Tonawanda News — With the recent announcement that Christian Academy of Western New York will lease about half of Gilmore Elementary School to house its students, the North Tonawanda School District will opt to rid itself of the thousands of items collected over the building’s 88 years of history.
Still stacked throughout the colossal structure are too many pieces to name in their entirety: Desks and tables from years past, projectors that technology has left behind, meat slicers from a bygone cafeteria, a record collection from the late-1970s and televisions swept aside for the flatscreen variety are just a sliver of the mass of materials assembled in various rooms at the school, after a custodial crew and student interns spent the last month neatly arranging them by category.
Still more can be found in the lower floors, with pianos, antiques and items that perhaps only an educator would want. They all have to go, says Laurie Burger, director of curriculum and instruction in the district.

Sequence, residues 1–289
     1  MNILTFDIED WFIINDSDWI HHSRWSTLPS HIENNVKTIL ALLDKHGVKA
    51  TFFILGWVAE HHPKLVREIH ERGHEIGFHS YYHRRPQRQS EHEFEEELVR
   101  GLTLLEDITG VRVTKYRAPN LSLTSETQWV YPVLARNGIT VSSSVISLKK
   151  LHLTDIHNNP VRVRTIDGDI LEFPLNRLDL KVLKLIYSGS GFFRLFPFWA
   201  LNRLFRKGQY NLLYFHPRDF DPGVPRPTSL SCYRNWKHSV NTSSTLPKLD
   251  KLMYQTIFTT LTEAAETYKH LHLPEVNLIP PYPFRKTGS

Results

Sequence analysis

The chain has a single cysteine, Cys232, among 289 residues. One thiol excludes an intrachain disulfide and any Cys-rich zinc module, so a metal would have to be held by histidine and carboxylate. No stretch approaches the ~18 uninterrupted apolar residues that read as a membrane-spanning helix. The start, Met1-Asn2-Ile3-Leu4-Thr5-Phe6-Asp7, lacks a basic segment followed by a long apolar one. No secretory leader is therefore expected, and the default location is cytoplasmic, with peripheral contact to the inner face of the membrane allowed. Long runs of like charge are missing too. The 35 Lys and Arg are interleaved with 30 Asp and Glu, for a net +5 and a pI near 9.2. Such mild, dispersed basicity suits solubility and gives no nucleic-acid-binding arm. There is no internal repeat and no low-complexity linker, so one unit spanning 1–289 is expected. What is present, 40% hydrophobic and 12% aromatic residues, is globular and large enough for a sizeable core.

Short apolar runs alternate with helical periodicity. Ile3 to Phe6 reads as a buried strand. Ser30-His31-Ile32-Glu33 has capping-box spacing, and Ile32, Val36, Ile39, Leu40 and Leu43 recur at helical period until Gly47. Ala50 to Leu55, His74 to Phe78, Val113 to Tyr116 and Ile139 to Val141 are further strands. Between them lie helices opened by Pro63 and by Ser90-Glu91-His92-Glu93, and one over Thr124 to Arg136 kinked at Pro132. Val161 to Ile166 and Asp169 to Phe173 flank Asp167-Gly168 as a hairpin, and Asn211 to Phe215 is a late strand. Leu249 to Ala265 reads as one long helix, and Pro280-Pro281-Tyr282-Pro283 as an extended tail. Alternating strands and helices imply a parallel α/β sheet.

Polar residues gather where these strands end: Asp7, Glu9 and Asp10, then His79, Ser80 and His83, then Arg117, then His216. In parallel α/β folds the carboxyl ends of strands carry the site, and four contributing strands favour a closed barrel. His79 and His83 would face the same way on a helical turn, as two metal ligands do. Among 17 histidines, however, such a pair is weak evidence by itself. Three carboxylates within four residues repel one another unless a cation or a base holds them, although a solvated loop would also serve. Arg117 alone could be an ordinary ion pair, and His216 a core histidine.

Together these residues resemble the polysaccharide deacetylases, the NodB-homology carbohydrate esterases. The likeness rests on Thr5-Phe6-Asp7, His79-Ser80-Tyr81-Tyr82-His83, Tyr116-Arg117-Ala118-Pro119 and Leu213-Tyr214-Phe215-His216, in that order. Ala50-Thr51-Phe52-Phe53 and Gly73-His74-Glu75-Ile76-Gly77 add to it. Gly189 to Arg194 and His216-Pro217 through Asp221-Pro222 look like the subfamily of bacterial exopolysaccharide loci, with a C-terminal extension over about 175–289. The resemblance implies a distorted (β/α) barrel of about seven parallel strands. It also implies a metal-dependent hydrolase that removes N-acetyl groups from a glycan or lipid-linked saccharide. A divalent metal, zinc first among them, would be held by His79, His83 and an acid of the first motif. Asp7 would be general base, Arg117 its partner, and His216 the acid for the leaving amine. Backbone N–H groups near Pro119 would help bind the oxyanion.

While the district was hurriedly contemplating what to do with the collection, the leased space has put emphasis on the undertaking. A finalized plan of what to do with the items formed just weeks ago, when Burger brought up the idea of an auction, which she had seen utilized during her time as a elementary school principal in Warsaw County.
“We grouped everything together but before that we couldn’t move in this room,” Burger said this week, as she meandered through the piles of wares.
District officials are hoping that other educational institutes, businesses and individuals will flood into the building next week for a silent auction, held on Tuesday and Thursday.
Assistant Superintendent Allan Getter said Christian Academy administrators approached the Board of Education in July expressing interest in utilizing the vacated school, which is still owned by the district, though up for sale.